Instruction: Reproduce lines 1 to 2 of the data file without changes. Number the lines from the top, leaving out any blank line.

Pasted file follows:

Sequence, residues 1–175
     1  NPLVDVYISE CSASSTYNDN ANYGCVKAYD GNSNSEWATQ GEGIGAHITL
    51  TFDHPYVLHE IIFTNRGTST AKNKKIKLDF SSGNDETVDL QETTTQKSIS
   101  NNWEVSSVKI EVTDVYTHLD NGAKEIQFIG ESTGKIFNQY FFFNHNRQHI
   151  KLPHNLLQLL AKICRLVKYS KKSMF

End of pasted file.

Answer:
Sequence, residues 1–175
     1  NPLVDVYISE CSASSTYNDN ANYGCVKAYD GNSNSEWATQ GEGIGAHITL